October 27, 2013

David Rohde: U.S. obsession with al-Qaida hurts us more than al-Qaida itself

Making drone strikes, TSA screening and NSA surveillance more transparent will build trust at home and solidify cooperation abroad.

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In this photo from June, German Chancellor Angela Merkel uses her cellphone at the German Federal Parliament Bundestag.

The Associated Press

“The average person doesn’t understand how much intelligence-driven matching is going on and how this could be accessed for other purposes,” she said. “There’s no meaningful oversight, transparency or accountability.”

Another critic called the new TSA program “a pre-crime assessment every time you fly.”

A bipartisan proposal unveiled last month by Senators Ron Wyden, D-Ore., Mark Udall, D-Colo., Richard Blumenthal, D-Conn., and Rand Paul, R-Ky., is a good start on curbing government surveillance abuse. The measure would end the bulk collection of American’s communications records, limit the legal authority of the government to obtain information from Google and other online service providers, and make the secret court that oversees U.S. surveillance operations far more transparent.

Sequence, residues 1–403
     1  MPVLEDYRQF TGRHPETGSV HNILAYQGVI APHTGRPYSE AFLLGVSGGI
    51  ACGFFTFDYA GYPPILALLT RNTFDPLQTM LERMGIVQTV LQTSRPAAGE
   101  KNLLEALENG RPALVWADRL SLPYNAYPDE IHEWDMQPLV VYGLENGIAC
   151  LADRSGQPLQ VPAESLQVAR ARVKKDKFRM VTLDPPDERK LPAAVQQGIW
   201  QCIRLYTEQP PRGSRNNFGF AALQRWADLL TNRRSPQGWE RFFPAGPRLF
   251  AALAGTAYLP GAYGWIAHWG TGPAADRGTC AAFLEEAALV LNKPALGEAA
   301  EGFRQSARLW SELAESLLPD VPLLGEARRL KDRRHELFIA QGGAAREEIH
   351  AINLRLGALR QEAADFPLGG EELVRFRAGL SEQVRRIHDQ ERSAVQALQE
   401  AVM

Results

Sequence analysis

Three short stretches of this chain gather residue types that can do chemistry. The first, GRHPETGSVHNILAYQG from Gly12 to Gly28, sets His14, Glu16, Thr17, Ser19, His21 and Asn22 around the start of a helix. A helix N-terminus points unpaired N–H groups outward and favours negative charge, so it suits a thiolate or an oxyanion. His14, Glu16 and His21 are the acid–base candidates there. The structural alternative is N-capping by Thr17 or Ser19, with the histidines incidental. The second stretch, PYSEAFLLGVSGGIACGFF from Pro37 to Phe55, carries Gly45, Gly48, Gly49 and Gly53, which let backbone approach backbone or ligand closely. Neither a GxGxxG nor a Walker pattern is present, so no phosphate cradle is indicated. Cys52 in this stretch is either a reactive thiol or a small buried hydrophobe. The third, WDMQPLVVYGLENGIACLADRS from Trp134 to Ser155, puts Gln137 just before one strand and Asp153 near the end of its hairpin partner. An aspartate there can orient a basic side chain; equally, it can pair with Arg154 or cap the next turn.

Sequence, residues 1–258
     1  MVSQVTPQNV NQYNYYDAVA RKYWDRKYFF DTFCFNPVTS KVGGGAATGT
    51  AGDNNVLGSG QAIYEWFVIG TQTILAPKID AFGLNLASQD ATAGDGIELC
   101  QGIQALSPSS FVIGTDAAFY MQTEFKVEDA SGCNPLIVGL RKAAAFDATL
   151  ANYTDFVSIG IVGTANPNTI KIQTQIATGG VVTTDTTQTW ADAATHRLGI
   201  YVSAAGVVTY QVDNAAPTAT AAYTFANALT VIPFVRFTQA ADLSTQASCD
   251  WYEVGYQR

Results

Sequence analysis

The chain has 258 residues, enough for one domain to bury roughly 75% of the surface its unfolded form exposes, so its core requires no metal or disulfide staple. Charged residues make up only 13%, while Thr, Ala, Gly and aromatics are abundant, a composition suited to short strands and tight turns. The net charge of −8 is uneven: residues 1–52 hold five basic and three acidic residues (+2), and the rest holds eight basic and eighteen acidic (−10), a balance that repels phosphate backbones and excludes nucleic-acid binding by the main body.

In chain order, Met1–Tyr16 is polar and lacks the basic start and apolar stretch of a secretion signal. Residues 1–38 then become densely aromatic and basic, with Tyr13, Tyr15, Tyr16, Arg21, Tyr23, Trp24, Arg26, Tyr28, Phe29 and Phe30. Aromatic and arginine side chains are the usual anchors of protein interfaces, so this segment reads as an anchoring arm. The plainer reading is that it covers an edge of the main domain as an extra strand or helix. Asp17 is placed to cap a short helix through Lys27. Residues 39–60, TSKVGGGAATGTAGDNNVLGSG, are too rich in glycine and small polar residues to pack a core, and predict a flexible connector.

After months of promising change but little action, Obama should back their proposal. And he should enact Holewinski’s recommendations for making drone strikes more transparent. If there is one ideal that Obama needs to embrace it is transparency.

Terrorists know that the United States monitors phone calls and emails worldwide. They already try to act like civilians when drones are overhead. Making drone strikes, TSA screening and NSA surveillance more transparent will build trust at home and solidify counter-terrorism cooperation abroad. Transparency is a strength, not a weakness.

Maine native David Rohde is a columnist for Reuters and a two-time winner of the Pulitzer Prize for reporting in Bosnia and Afghanistan.

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